Few figures better illustrate the divide between how architects see the world and how the general public does than Kevin Roche. To many people, Mr. Roche’s buildings sum up everything that was wrong with modern architecture in the 1960s and ’70s, a period associated with hulking megastructures that seemed completely out of touch with what was once called “the human scale.” In this view, the recent demolition of his long-neglected New Haven Veterans Memorial Coliseum, a raw steel and concrete structure with a four-story parking garage on its roof, was a godsend, another nail in the coffin of an era best forgotten.
But a growing number of architects, especially those who were babies when Mr. Roche, now 88, was at the height of his powers, embrace him as a visionary. His blunt urban forms, conceived on the scale of bridges and freeways, suggest an appealing alternative to both commercial kitsch and the kind of flamboyance often used in contemporary architecture to sugarcoat the brutal effects of the global economy.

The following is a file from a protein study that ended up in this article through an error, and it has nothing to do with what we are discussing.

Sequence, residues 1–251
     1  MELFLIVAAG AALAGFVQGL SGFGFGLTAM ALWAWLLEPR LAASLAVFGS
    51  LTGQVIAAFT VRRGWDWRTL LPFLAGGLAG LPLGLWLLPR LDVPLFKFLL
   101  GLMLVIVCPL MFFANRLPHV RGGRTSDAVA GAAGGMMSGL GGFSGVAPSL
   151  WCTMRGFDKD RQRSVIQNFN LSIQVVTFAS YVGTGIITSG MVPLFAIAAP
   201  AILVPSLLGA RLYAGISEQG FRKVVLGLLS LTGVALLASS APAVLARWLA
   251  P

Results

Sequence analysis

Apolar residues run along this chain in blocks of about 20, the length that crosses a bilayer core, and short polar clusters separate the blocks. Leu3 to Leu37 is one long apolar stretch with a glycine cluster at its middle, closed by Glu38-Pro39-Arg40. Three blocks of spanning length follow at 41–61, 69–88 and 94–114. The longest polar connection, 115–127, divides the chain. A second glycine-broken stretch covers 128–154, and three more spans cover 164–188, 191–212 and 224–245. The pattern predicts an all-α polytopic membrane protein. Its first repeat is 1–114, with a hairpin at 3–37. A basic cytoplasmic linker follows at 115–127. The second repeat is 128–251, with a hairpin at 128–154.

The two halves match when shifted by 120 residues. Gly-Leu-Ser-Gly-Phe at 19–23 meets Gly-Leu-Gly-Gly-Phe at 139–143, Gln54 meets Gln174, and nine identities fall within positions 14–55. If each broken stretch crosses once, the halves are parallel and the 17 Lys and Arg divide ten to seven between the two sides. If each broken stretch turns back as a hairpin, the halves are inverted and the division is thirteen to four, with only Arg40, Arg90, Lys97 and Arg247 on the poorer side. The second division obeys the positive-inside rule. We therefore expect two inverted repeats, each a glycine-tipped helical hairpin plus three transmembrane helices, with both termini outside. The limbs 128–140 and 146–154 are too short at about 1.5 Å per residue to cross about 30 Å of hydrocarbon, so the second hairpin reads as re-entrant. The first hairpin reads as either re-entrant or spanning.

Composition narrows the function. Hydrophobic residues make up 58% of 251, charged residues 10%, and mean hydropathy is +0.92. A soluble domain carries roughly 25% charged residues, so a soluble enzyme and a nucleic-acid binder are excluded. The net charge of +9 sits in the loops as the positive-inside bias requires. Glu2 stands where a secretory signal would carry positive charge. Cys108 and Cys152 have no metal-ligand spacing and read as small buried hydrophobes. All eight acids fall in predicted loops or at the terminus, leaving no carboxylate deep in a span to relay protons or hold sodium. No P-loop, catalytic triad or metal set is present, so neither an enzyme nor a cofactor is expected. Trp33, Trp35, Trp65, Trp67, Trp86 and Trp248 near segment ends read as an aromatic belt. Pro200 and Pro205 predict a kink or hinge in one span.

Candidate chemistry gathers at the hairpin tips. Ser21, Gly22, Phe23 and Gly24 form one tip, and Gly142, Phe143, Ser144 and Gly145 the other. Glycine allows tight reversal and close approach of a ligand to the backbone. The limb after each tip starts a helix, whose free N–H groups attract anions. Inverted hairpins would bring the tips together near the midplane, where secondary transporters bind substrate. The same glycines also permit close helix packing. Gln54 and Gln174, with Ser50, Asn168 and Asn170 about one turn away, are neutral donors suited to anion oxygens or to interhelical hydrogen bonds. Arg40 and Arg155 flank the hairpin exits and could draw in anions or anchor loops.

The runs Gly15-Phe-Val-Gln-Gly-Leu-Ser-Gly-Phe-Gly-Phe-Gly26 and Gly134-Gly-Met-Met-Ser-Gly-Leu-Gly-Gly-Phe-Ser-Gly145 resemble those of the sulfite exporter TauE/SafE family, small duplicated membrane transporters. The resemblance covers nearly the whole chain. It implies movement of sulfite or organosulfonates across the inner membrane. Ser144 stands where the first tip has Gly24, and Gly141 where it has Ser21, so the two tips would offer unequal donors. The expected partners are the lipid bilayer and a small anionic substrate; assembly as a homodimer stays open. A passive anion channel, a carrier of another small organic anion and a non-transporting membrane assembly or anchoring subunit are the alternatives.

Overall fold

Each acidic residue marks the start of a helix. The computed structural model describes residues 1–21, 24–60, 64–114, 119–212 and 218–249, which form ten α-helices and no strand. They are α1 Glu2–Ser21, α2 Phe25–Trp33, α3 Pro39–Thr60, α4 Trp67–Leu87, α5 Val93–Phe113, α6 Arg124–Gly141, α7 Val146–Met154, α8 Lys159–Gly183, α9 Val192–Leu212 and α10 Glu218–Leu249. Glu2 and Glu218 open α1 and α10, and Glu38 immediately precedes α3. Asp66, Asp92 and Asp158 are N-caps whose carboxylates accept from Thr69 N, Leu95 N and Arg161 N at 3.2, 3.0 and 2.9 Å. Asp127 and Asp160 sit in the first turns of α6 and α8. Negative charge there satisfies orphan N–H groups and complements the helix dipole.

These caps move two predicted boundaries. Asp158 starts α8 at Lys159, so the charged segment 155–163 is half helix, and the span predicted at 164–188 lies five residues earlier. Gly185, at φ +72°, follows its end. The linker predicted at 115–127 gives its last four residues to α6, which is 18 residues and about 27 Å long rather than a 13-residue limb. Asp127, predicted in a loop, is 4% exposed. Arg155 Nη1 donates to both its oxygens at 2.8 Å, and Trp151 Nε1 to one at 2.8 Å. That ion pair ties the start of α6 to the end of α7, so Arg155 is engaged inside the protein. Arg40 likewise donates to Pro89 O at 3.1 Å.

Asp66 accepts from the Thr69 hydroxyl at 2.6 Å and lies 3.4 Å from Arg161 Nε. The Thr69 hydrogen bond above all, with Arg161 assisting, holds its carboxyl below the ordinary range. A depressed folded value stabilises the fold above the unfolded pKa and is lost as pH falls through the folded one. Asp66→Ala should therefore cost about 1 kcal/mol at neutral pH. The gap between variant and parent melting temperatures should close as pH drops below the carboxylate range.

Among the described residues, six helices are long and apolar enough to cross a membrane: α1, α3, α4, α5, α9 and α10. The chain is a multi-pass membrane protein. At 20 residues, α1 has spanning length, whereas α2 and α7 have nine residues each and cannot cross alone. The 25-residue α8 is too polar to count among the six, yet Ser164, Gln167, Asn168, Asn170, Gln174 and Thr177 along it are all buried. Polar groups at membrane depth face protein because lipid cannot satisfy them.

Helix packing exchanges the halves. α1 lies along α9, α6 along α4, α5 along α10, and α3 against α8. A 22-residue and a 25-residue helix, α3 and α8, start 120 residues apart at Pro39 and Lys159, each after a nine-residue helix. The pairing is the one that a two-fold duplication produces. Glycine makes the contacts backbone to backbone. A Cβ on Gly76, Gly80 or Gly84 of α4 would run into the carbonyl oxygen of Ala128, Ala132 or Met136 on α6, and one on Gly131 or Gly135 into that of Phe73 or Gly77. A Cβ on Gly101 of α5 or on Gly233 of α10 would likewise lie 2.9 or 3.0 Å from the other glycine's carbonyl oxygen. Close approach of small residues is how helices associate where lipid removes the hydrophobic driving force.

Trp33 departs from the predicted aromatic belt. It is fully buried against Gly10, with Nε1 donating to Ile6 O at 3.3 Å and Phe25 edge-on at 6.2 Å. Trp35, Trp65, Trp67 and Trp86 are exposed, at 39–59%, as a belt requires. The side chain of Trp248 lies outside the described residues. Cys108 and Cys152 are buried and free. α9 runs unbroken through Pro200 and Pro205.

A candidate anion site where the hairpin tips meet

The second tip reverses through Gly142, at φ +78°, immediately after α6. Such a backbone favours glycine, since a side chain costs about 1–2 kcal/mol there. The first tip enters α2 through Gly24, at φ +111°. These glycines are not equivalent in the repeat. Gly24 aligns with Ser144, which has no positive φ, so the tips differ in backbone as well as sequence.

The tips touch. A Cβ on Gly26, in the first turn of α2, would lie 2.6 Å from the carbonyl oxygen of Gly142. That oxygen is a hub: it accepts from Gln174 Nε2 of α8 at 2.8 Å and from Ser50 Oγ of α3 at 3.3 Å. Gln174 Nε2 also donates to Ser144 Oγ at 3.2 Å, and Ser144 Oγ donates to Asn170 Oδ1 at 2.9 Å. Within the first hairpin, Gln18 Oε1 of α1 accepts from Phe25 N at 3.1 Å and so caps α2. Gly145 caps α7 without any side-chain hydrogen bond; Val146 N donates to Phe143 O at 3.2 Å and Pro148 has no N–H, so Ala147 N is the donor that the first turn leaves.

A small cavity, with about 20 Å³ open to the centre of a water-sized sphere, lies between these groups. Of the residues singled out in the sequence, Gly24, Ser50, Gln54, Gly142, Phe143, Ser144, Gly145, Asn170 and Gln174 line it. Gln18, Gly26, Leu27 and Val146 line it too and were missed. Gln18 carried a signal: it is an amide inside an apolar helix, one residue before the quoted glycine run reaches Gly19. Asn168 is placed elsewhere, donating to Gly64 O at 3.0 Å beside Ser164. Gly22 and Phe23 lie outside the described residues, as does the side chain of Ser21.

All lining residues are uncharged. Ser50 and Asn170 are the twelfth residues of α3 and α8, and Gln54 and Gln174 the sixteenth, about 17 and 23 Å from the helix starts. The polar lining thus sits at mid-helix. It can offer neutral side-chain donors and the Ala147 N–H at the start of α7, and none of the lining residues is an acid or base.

“Kevin Roche: Architecture as Environment,” an exhibition at the Yale School of Architecture here, is the latest attempt to buff his image, and it makes a convincing case for the deep intelligence of much of his work, as well as for its raw power.